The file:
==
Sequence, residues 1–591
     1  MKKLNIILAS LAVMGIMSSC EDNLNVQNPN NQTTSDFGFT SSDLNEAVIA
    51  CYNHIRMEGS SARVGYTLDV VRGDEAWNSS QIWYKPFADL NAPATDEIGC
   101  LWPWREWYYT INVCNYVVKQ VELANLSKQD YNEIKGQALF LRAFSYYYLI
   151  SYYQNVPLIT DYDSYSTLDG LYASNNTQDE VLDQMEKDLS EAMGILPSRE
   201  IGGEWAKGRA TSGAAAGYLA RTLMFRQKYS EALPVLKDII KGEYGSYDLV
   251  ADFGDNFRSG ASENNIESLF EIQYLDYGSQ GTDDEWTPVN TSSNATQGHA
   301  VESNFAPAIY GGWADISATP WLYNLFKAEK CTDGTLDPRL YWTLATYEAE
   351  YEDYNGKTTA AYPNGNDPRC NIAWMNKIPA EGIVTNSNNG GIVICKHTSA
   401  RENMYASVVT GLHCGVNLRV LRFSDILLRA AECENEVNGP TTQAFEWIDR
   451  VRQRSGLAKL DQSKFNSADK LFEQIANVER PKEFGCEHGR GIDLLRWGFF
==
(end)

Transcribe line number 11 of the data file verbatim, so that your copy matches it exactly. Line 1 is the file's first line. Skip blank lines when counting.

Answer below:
   451  VRQRSGLAKL DQSKFNSADK LFEQIANVER PKEFGCEHGR GIDLLRWGFF